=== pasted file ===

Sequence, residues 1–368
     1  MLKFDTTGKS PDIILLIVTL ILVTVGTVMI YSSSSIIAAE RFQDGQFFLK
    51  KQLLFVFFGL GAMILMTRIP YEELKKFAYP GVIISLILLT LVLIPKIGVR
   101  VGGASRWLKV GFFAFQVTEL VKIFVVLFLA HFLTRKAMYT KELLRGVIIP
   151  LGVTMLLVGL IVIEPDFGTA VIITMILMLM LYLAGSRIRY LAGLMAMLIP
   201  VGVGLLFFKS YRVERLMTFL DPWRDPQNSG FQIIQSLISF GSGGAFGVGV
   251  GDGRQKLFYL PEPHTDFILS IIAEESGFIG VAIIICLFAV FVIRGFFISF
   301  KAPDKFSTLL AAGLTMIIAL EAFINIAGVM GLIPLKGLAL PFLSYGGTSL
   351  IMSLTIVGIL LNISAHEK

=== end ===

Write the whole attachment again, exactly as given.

Sequence, residues 1–368
     1  MLKFDTTGKS PDIILLIVTL ILVTVGTVMI YSSSSIIAAE RFQDGQFFLK
    51  KQLLFVFFGL GAMILMTRIP YEELKKFAYP GVIISLILLT LVLIPKIGVR
   101  VGGASRWLKV GFFAFQVTEL VKIFVVLFLA HFLTRKAMYT KELLRGVIIP
   151  LGVTMLLVGL IVIEPDFGTA VIITMILMLM LYLAGSRIRY LAGLMAMLIP
   201  VGVGLLFFKS YRVERLMTFL DPWRDPQNSG FQIIQSLISF GSGGAFGVGV
   251  GDGRQKLFYL PEPHTDFILS IIAEESGFIG VAIIICLFAV FVIRGFFISF
   301  KAPDKFSTLL AAGLTMIIAL EAFINIAGVM GLIPLKGLAL PFLSYGGTSL
   351  IMSLTIVGIL LNISAHEK